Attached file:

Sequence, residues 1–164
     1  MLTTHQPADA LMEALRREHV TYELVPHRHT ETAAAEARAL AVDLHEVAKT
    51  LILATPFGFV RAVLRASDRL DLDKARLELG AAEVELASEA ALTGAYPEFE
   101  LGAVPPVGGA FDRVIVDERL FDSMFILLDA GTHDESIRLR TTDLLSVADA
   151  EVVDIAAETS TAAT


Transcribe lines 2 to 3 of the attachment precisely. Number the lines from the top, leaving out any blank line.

     1  MLTTHQPADA LMEALRREHV TYELVPHRHT ETAAAEARAL AVDLHEVAKT
    51  LILATPFGFV RAVLRASDRL DLDKARLELG AAEVELASEA ALTGAYPEFE